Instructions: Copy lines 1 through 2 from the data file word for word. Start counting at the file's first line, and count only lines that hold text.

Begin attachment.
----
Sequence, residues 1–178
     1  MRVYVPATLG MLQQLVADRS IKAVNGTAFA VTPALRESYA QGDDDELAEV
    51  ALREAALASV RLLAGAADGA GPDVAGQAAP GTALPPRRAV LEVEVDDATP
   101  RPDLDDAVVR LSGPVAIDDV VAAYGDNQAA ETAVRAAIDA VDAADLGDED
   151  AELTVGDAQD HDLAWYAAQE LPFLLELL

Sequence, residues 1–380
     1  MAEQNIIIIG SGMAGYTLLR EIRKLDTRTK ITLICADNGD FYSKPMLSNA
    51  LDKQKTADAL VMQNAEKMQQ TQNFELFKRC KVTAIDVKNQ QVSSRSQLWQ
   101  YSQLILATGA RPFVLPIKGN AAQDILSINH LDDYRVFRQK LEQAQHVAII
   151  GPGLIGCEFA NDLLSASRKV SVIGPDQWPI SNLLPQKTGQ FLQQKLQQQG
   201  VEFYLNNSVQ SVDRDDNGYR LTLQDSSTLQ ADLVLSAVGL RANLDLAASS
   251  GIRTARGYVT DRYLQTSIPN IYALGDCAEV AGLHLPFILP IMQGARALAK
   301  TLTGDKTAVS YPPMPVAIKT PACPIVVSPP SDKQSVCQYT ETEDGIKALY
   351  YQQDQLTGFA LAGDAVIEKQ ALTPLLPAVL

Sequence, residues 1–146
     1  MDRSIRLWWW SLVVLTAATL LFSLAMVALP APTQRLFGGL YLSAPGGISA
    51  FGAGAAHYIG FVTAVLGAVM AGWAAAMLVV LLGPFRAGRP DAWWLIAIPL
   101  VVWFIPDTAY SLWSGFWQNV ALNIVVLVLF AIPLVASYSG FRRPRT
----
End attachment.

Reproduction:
Sequence, residues 1–178
     1  MRVYVPATLG MLQQLVADRS IKAVNGTAFA VTPALRESYA QGDDDELAEV